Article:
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  • ICAA Record ID
    841250
    TITLE
    Introduction / Luis Camnitzer
    IN
    The Latin American Graphic Arts Biennial: (Bienal Latino Americana de Artes Gráficas). -- New York, NY: Museum of Comtemporary Hispanic Art, Sep. 25- Dec. 21, 1986
    LANGUAGES
    English
    TYPE AND GENRE
    Book/pamphlet article – Essays
    BIBLIOGRAPHIC CITATION
    Camnitzer, Luis. “Introduction.” In The Latin American Graphic Arts Biennial: (Bienal Latino Americana de Artes Gráficas. Exh. cat., New York, NY: Museum of Comtemporary Hispanic Art, 1986.
    NAME DESCRIPTORS
    Museum of Contemporary Hispanic Art (New York, N.Y.)
Synopsis

In his introduction to the catalog, The Latin American Graphic Arts Biennial, Luis Camnitzer relates the graphic arts exhibition presented by the Museum of Contemporary Hispanic Art (MoCHA) in 1986, to the tradition of the 1960s of Latin American biennials that were devoted to the support of both graphic arts and printmaking. Based on the heterogeneous selection of works at the biennial, Camnitzer argues that the popularity of printmaking in Latin America has not entailed the development of a unified expression, goal, or iconography in this medium, or even new techniques. According to him, the role of the MoCHA biennial is precisely to stimulate the emergence of a truly diverse Latin American art.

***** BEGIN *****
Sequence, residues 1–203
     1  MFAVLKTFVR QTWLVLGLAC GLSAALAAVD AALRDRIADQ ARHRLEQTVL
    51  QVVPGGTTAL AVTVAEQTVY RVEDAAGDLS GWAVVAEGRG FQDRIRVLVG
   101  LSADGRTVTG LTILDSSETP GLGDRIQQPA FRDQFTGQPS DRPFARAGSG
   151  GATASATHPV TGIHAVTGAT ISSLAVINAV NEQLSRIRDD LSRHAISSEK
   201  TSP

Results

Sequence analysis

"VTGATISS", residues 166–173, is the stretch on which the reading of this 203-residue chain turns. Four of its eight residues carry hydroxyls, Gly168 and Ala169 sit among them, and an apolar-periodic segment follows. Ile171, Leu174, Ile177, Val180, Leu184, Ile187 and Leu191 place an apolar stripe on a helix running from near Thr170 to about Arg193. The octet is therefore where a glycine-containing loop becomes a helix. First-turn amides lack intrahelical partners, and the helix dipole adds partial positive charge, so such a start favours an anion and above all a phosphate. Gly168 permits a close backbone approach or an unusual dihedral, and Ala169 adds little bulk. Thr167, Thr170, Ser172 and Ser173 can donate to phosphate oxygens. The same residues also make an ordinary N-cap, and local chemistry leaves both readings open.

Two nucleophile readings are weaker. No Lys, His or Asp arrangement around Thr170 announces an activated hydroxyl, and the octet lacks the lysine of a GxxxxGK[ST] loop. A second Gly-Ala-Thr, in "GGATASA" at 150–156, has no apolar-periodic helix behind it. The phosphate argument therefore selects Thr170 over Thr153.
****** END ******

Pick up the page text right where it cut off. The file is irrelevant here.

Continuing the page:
Annotations

Born in Lübeck, Germany, and resident in Uruguay since childhood, Luis Camnitzer (1937) is one of the foremost Latin American Conceptual artists working in New York since the 1960s. He is also widely recognized as a writer and theoretician on art from Latin America. This introduction was published together along with the reproduction of an excerpt from Marta Traba’s introductory essay, published in Selections from the Permanent Collection from the Museum of Modern Art of Latin America (Washington, DC). The juxtaposition of both texts helped contrast Camnitzer’s points with Traba’s, who argued that Latin America has indeed developed a clear printmaking tradition characterized by its persistence of traditional techniques and its opposition to “the new aesthetics of deterioration.”

Credit
Courtesy of Luis Camnitzer, Great Neck, NY